Nifty Norton

Today has been a near record day for page views on Foots Prints. Most of it I’m sure has come from a community of 3,300 about 115 miles northwest of Russell.

My first visit to Norton was for a 2005 football game vs. Ellis. I was asked to cover Ellis by Jack Krier because he felt they were getting shortchanged in our coverage at Main Street Media. I spent my first two weeks covering Osborne, then I covered Phillipsburg for the next two weeks, which included a game at Osborne. I agreed to go to Ellis’ game in week six of that season, which happened to be all the way at Norton.

The trip came three days after I totaled my Oldsmobile 88 on US 183 north of Hays after running into a deer. My grandfather and I went to buy a Pontiac Grand Prix the day before I was scheduled to go to Norton. Jack told me to take his Buick LeSabre on the trip.

I had been to Hill City three weeks before the trip to Norton, so I knew that part of the ride up US 283. However, I had not been on 283 north of US 24, and it was quite an experience. The part of the drive on 283 north of Kansas Highway 9 was quite fascinating….I had never seen so many irrigation machines before in my life in one location.

When I pulled into town, I noticed the football stadium on my right. Interesting place. It was like Osborne and Phillipsburg in the fact that it was not on the campus of the high school. I parked my car in the east end zone and brought my computer and camera to the press box.

I was allowed to keep my computer set up in one of the booths while I went to the field to take pictures. I noticed the stands on the visiting side were much closer to the sideline than the home side, something I had not seen before. In every other stadium I had been, both in Louisiana and Kansas, the stands on both sides were behind the track, if there was a track. At Norton, the visiting stands were in front of the track. I would find the same configuration at Ellis when I went there the next Friday.

The game itself was all Norton. The Bluejays scored first on a fumble return, and they would recover five en route to a 34-7 victory. By time I finished getting my gear together, the lights had just been turned off. Both schools had gotten on the bus to go to shower, Norton at the high school and Ellis at the east campus fronting 283.

The first person from Norton I met that night was DIck Boyd, the longtime writer for the Norton Telegram. Little did I know Dick and I would become good friends through the years.

The drive home was a little hairy. A fawn came across the road on K-9. Oh boy, is it going to be this way every time?

I didn’t return to Norton until the first Friday of January to cover a basketball doubleheader vs. Osborne. I was attempting to take pictures under the basket when I was asked to move by athletic director Larry Mills. I explained myself and Larry and I immediately got along, as I did with girls basketball coach Kevin Jilka.

I drove all the way back to Russell that night and then all the way back to Norton the next morning for the J.R. Durham wrestling tournament. I encountered Larry and Dick that day, as well as wrestling coach Bill Johnson.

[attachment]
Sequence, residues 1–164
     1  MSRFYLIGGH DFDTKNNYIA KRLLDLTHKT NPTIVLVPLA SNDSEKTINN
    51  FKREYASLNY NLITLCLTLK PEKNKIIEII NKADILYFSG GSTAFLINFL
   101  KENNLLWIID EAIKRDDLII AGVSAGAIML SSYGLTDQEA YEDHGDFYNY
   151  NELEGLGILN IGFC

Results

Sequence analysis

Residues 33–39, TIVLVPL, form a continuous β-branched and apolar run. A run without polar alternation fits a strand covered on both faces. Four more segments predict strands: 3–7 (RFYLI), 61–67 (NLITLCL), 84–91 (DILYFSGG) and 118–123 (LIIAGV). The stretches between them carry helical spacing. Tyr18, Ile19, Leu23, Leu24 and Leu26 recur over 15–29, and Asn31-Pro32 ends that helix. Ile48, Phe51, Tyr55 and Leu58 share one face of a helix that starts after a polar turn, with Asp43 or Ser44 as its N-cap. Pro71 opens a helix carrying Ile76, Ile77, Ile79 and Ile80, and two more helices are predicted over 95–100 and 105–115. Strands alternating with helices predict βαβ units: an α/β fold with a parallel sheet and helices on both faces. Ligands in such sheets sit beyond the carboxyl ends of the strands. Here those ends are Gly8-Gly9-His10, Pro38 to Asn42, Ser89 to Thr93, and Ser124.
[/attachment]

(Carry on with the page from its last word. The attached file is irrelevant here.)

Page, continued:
I found out just how much I was liked by the people in Norton at the MCL basketball tournament later that month. Several people from Norton came up to me on press row to say hello, and one took a picture of me with her camera phone.

Strangely enough, after the 2005 game vs. Ellis, I didn’t get back to Travis Field for football until the Bluejays’ Class 3A semifinal vs. Wichita Collegiate. I’ve now covered the last two meetings with Smith Center in Norton, both won by the Bluejays.

Save for one incident in 2009, I’ve had nothing but great relations with everyone from Norton. Although Larry Mills has moved on, I have gotten along famously with Larry’s daughter Hannah Broeckelman, her husband Nathan, Boyd, Johnson, Peggy Cox, Fig Millan, Rick Green, superintendent Greg Mann and his daughter Klaire, principal Rudy Perez, Kevin and Janet Jilka, Doug Ray and his lovely daughter Amanda, Hayli Bozarth and her parents Marla and Curt, Laura Lee Baird and her parents Jim and Leslie, Jason Jones, Lucas Melvin, Dale Engelbert, George and Sue Rossi and their children Taylor, Kaylen and Treven, Logan, Kaenon and Landon Keiswetter, Whitney (Newell) Criqui, Karlie (Jones) Stroup and many, many others.

I’ve been accepted by good people in every town I’ve visited, but as far as the number of people, Norton is far and away the winner.

The only negative: reaching WaKeeney and realizing I still have half the drive to go. The northbound drive is usually easier because I’m making it in daylight. With the southbound drive, I get the two-lane out of the way and can relaz once I get on I-70. I’ve seen more than my fair share of deer on 283, but I’m experienced enough to slow down and let them cross. Nothing last night coming back, thankfully.

About David

I am a sportswriter for a group of weekly newspapers in small towns across northern Kansas. I grew up in New Orleans, went to college at LSU and wandered in the wilderness until Hurricane Katrina finally put me on the path to my current job.

Posted on September 27, 2014, in KSHSAA and tagged . Bookmark the permalink. 1 Comment.

  1. We have always appreciated you, David!

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